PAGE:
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Low Mortgage Rates and High Home Prices Shatter Records, But Will It Last?

As home prices shoot up across the country, wages stagnate and millions face unemployment, homeowners and buyers alike want to know if the currently on-fire real estate market, nicknamed “boom in the gloom,” is in for a cooldown.

Despite a chaotic year, experts are still betting on housing.

By and large, the pandemic housing market has defied all expectations by outperforming the 2019 market in both volume and price. New home sales in September outpaced sales in the same month in 2019 by 32%, according to the Census Bureau.

And this isn’t because home prices were easy on the wallet. On the contrary, prices soared in August by 8% year-over-year, according to the Federal Housing Finance Agency’s latest U.S. House Price Index.

Of course, exceptionally low mortgage rates are tempting buyers, but even dirt cheap loans aren’t enough to offset high home prices in nearly every market.

In fact, median-income earners—those who made $72,900 annually—were only able to afford 58.3% of new and existing homes sold between the beginning of July and end of September, according to recent data from the National Association of Homebuilders. This is down from 59.6% in the second quarter of this year.

Home Prices May Fall, But Expect Mortgage Rates to Remain Low

The perfect storm of soaring home prices, wage growth stagnation and economic uncertainty due to Covid-19 will result in a home price correction, says James Stack, president of InvesTech Research and Stack Financial Management in White Fish, Montana.

“When you’re seeing the kind of a boom that leads to speculation and a disparity between prices and value, that’s where risk is created,” Stack says. “This high valuation has happened over the last 18 months, making homes unaffordable. Housing prices are most likely at their high. If interest rates increase we’ll see prices go down.”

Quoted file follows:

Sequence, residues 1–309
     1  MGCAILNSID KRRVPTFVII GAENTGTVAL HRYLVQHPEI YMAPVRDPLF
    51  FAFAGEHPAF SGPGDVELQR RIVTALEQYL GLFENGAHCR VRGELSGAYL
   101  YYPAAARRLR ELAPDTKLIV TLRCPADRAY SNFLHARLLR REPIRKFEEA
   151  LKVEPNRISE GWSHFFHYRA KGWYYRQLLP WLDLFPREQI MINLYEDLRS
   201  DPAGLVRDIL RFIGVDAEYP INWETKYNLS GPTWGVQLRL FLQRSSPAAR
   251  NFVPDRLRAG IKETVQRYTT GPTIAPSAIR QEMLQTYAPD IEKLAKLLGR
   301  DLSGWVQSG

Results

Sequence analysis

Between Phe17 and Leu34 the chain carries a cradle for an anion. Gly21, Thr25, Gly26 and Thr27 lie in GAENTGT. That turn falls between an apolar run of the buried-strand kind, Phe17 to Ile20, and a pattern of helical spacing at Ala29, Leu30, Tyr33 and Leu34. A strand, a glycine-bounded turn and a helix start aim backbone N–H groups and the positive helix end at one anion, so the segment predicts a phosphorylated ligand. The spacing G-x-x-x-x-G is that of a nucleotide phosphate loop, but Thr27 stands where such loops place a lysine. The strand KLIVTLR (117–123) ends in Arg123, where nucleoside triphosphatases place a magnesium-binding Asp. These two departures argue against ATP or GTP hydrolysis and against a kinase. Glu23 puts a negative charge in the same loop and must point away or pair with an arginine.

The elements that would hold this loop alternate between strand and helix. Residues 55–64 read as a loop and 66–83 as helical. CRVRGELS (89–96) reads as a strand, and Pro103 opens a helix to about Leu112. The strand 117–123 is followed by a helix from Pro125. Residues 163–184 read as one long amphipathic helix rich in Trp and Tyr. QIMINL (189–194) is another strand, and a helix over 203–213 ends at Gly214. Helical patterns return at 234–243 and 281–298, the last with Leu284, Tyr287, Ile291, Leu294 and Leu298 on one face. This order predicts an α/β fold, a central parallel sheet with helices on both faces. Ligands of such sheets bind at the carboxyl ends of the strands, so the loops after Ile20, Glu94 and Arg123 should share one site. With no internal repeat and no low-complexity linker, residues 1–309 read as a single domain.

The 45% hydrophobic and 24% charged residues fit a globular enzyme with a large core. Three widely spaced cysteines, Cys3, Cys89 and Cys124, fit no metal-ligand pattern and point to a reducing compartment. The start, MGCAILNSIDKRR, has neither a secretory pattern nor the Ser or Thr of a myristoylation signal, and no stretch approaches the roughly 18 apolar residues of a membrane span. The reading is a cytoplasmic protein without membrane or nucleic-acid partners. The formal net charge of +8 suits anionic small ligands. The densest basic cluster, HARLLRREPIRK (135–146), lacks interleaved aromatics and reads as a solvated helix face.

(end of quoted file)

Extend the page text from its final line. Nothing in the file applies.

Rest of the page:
So far, there’s no sign of mortgage rates rising. On Thursday, rates for the 30-year fixed-rate mortgage hit their 12th record low for the year, falling to 2.78%, according to Freddie Mac.

Rates are staying low thanks, in part, to major help from the Federal Reserve, which implemented a $1.25 trillion program to buy mortgage-backed securities (MBS) in order to inject liquidity into the market. The Fed spends about $40 billion per month on MBS and they plan to continue, at least for the foreseeable future. During Thursday’s Federal Open Market Committee (FOMC) meeting, Fed Chair Jerome Powell pledged to continue this program.

“Over coming months the Federal Reserve will increase its holdings of Treasury securities and agency mortgage-backed securities at least at the current pace to sustain smooth market functioning and help foster accommodative financial conditions, thereby supporting the flow of credit to households and businesses,” the Fed said in a statement.

Most experts predict that rates will stay low going into 2021, which will help to sustain lending activity.

Softening Prices, Not Bursting Bubbles